Genre: Sci-Fi, Drama
Director: Rian Johnson
Screenplay: Rian Johnson, based on characters created by George Lucas
Cast: Mark Hamill, Carrie Fisher, Adam Driver, Daisy Ridley, John Boyega, Oscar Isaac, Andy Serkis, Lupit Nyong’o, Domhnall Gleeson, Anthony Daniels, Gwendoline Christie, Kelly Marie Tran, Laura Dern, Benicio Del Toro
Running Length: 152 minutes
Synopsis: Rey develops her newly discovered abilities with the guidance of Luke Skywalker, who is unsettled by the strength of her powers. Meanwhile, the Resistance prepares to do battle with the First Order.
Review: Now that we’re at the halfway mark of the six planned Star Wars movies, it’s time to put together a report card for the franchise, and take stock of both the new movie and the overarching Star Wars cinematic universe. It’s a mix of good and bad news – while it’s certain that The Last Jedi would be a winner at the box office, it also comes across as the most inconsequential film so far, surprisingly so especially considering that it follows last year’s Rogue One, a story that literally had a scorched earth denouement to ensure its characters would not “taint” the canonical Episodic installments. Although it aims high for its emotional impact, The Last Jedi ultimately comes across as being a bit hollow, despite the luxury of having the longest running time of any Star Wars movie so far.
While The Force Awakens understandably had to slavishly stick to the original trilogy’s canon, it was also the reason why the film felt like it didn’t manage to meet its full potential. Unfortunately, The Last Jedi continues this trend and feels like a reboot of The Empire Strikes Back, and while it will continue to please fans of the franchise, I am not sure that three movies in, audiences would be as forgiving of the flaws found in The Last Jedi. The three key plot threads are haphazardly woven together, and there’s so much padding in the middle of the film that I for one wished the film was cut down to a more manageable length, where digressions need not seem to go on interminably (particularly egregious is the entire sojourn onto the casino planet Canto Bight) before focus resumes on what truly matters.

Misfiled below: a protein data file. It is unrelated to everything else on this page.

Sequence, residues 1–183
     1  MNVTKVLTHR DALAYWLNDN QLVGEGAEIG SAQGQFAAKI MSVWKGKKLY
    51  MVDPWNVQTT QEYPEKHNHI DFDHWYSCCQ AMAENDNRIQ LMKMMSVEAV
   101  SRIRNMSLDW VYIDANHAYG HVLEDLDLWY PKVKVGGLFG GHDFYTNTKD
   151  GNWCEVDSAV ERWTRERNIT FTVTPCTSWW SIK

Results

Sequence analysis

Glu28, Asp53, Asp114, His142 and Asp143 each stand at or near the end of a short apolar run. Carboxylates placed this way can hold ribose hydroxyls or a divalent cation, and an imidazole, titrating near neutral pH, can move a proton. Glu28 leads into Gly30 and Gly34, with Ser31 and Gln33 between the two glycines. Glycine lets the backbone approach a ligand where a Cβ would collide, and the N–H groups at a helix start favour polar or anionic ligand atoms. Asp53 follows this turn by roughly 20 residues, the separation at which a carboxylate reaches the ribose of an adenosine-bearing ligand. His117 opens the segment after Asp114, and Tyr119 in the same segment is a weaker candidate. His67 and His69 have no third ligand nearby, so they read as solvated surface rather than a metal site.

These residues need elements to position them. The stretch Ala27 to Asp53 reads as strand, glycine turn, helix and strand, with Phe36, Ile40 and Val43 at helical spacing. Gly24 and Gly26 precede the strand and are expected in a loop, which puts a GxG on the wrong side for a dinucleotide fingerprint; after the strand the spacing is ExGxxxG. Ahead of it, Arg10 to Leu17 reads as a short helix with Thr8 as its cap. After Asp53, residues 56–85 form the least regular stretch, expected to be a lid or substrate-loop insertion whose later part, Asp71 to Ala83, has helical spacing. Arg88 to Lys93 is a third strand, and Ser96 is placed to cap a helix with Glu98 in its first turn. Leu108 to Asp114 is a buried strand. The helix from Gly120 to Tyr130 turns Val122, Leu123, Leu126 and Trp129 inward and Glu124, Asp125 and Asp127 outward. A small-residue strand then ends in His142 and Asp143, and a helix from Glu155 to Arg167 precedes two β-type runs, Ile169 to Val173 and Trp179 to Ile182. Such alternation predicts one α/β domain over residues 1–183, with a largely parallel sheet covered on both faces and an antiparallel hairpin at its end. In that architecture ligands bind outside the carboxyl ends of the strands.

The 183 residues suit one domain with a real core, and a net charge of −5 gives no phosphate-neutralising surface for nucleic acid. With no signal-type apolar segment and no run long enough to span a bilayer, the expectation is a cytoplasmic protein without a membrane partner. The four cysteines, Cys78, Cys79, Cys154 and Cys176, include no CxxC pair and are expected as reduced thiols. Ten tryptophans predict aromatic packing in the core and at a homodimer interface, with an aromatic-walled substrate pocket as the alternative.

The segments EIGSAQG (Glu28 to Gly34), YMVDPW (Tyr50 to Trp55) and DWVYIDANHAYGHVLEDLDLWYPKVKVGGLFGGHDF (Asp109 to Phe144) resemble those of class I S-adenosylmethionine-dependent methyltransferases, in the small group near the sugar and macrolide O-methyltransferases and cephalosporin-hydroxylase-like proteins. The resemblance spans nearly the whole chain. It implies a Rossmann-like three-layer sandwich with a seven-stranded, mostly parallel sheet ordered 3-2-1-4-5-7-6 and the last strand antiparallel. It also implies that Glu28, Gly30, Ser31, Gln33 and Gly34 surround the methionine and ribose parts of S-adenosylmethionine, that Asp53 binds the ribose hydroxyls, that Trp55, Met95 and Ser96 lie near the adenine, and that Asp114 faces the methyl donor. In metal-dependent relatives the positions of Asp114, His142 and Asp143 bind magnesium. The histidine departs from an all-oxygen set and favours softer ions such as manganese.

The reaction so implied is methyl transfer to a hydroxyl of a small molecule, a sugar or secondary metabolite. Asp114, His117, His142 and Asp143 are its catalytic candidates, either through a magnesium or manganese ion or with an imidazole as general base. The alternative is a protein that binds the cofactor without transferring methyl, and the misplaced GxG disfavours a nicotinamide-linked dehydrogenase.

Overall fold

All is almost forgiven in the final third of the film, where the plot thread involving Kylo Ren, Rey and Luke Skywalker comes to a head, and everything that makes Star Wars great is present and accounted for – rousing space battles, an amazing lightsaber confrontation, startling character revelations and plot twists – and enhanced further by truly breathtaking visuals and an excellent performance from Adam Driver (Daisy Ridley seems to be coasting on her far stronger turn in The Force Awakens). If only it didn’t take so long to get there.
Star Wars is so firmly ingrained in our culture that it is impossible to not feel the thrill when the opening title card crawls into the horizon, accompanied by John Williams’ iconic cinematic score. It is very hard to squander away the goodwill accumulated over 40 years (as evidenced by Episodes I to III), and The Last Jedi is still largely a triumph, ranking in the upper echelons of the Star Wars cinematic universe. Rian Johnson has crafted a technically excellent film in the franchise, but again it seems the collective financial expectations put on such an important film has made it impossible for him to stray too far from the tried and tested. While there is a chance that Episode IX would be able to take the story down a path less travelled, it does seem increasingly unlikely. The sequels now feel more like reboots of the original trilogy, and though that’s really not a bad thing, one wonders now if what George Lucas said is true – the reason why he didn’t move forward with Episodes VII to IX himself was because there were no stories left to tell.
Rating: * * * (out of four stars)